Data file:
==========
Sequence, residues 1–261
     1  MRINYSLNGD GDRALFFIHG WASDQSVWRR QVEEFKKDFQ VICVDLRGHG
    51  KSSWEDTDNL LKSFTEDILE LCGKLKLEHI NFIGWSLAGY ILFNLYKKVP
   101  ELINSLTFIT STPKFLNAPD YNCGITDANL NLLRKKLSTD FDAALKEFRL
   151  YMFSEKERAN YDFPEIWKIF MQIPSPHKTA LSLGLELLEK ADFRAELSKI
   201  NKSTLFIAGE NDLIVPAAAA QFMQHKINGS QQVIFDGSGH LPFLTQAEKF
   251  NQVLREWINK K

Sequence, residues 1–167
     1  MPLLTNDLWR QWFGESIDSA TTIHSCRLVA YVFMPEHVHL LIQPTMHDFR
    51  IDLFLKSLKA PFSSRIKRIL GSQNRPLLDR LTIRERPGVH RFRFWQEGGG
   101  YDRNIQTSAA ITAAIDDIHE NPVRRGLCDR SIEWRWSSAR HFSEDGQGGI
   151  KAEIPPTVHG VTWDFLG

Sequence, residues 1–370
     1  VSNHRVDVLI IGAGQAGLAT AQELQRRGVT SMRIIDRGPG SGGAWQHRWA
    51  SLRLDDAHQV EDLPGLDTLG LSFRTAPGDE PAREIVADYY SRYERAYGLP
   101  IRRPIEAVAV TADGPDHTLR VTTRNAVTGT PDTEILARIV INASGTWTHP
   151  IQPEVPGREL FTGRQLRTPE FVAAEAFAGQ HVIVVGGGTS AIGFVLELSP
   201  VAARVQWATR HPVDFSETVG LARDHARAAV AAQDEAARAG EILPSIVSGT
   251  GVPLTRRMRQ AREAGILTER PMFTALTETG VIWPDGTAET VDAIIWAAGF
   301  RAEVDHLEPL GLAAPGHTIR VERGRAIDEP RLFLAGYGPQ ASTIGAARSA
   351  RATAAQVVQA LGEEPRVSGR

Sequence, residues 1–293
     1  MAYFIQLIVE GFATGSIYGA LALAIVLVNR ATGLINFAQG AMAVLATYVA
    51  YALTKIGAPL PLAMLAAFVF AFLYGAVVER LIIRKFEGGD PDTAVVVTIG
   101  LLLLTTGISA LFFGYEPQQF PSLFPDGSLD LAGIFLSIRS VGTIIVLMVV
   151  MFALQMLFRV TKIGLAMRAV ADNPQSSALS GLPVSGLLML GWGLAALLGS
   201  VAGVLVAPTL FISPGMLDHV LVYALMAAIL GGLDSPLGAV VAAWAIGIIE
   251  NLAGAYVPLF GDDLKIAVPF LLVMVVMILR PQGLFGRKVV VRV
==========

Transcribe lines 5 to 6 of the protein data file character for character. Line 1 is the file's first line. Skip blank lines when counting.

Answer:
   151  YMFSEKERAN YDFPEIWKIF MQIPSPHKTA LSLGLELLEK ADFRAELSKI
   201  NKSTLFIAGE NDLIVPAAAA QFMQHKINGS QQVIFDGSGH LPFLTQAEKF